Board Book Review: Happy!

Our 21st board book delights parents and toddlers alike.

Happy by Pharrell Williams.
Putnam, Penguin Random House, New York, 2015.
Board book, 30 pages.
Lexile:  AD410L  ( What does AD mean in Lexile? )
AR Level:  1.7 (worth 0.5 points)  .

A board book (also available in picture book format) based on the popular song.

Happy cover resized
Happy by Pharrell Williams.

I just love song picture books and board books because they have so many applications.  Toddlers can look at the pictures.  Older children can read the words independently.  And everybody in between can sing the song!  These are nice for allowing children to read at a bit higher level than they are ready for, because they can use prior knowledge of the song lyrics to decode the words.  They can also be helpful for engaging reluctant readers who love music.

However, this type of book is challenging to do well.  Luckily, Williams and his team have done a great job converting this song to board book format.  Now, I will say that if you’ve never heard the song, this book might not make so much sense to you – the lyrics don’t exactly coalesce into a story.  But take a minute and go listen to the song, I’ll wait!

Are you back?  I have to tell you that this is one of mine, and my family’s, favorite songs ever, although I’ve never even seen the movie it’s from.  The board book captures the spirit of the music really well, and honestly the whole thing just feels uplifting.

Happy p13-14 resized
Pages 13 and 14 of Happy include the cardboard band and some emoji poses.

The art direction and creative design on this was stellar, so let me take a moment to repeat the credits – Interior photography Amanda Pratt, Design/photo illustrations Kristin Smith, Props Andi Burnett, and Wardrobe Michel Onofrio.

There’s a cast of about 15 kids – some are only in one or two photos while others make multiple appearances in different outfits.  Sometimes the children are interacting with adorable props made out of corrugated cardboard, sometimes illustrations or photographs are added.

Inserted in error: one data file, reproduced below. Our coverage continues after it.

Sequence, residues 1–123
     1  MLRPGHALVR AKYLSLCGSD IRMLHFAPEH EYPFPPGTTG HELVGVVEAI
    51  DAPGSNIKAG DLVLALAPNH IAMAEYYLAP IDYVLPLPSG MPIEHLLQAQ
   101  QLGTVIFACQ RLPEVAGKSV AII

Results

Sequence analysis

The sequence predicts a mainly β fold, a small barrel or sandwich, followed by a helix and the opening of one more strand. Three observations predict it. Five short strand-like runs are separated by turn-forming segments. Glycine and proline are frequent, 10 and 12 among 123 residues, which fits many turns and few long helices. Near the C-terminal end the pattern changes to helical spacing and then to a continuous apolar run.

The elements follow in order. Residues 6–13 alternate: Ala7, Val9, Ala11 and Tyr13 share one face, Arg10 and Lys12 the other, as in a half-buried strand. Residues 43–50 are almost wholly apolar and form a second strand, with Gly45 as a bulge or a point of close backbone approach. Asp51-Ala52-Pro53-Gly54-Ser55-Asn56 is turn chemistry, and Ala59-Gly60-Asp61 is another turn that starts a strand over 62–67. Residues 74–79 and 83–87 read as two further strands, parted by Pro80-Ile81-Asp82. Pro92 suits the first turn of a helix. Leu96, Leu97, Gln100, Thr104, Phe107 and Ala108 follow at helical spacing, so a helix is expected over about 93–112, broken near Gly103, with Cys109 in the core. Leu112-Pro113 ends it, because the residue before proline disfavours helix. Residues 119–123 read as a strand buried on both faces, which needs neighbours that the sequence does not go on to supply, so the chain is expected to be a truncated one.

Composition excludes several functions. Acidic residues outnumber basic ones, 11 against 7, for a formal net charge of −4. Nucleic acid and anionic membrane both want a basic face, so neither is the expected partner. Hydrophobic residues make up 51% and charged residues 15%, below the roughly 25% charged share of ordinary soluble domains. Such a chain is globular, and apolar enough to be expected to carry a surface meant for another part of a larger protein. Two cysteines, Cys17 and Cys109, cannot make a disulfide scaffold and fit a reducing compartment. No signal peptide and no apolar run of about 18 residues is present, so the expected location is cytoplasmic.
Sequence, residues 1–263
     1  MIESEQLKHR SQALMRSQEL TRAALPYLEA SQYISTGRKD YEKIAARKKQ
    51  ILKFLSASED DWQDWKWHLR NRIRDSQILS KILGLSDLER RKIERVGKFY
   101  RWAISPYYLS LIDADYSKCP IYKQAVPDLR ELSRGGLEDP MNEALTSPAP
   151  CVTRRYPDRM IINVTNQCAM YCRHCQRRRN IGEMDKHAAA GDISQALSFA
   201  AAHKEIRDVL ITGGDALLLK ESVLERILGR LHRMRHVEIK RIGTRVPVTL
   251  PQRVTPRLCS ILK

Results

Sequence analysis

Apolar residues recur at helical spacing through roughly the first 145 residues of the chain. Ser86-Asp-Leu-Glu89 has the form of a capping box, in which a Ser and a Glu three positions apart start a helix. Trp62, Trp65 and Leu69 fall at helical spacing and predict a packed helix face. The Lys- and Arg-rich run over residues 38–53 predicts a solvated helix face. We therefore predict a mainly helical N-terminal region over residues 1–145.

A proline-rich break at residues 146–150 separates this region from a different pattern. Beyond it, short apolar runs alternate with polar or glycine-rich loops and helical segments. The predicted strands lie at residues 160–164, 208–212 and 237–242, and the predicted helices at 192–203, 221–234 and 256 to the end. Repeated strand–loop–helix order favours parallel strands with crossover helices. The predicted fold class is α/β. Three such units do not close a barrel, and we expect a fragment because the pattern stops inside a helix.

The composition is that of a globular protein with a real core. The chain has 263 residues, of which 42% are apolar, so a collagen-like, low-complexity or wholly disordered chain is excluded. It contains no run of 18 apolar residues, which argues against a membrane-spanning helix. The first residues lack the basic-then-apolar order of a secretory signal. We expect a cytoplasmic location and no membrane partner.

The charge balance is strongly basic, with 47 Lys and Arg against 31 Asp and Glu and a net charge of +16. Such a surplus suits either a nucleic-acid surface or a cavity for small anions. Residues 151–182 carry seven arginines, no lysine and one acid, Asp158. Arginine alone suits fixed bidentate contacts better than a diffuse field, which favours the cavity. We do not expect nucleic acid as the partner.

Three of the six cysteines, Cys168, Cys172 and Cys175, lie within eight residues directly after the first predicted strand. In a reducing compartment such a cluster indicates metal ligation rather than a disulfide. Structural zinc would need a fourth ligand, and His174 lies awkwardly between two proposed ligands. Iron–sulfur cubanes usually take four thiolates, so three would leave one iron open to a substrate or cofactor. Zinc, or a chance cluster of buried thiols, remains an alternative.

Happy p7-8 resized
Backgrounds are combined with cardboard props and child models on pages

The outfits are very modern and fun.  Perhaps one day we will look back on them and say “oh that was so 2010s” the way I’ve commented on some older books!  The children are from a variety of ethnic backgrounds and have a variety of hair types and styles, which is always refreshing to see in a picture book.  Even rarer is that different body types are represented, which is almost never seen in a non-issue-based book.  One of the children also has glasses.

Dynamic movement and excitement pervades the book, from the strategically capitalized words in every sentence to the jumping dancing and soaring poses.  The text itself is also in motion, staggered or slanted across the pages.  But the black sans serif font is still clear and easy to read or follow throughout the entire book.

Happy p29-30 endpapers resized
The final pages of Happy (29-30) show the entire cast and give the reader a mission to spread happiness.

An interesting challenge for students would be to listen to the song, read the book, and then ask why certain words were capitalized.  A teacher could also ask older students to analyze the sentence structure or identify metaphors in the song.  Or, of course, simply read for fun.

Overall, this is a popular board book with our family and a fun addition to your board book collection.  For me personally, it sparks the same kind of joy that I get whenever I read my favorite Happiness book illustrated by Julie FlettRecommended.

Author: colorfulbookreviews

I work in a library by day and parent the rest of the time. I am passionate about good books representing the full spectrum of human diversity for every age group and reading level. This blog is my attempt to help parents, educators, and librarians find the best children's books authored by or featuring characters of color.

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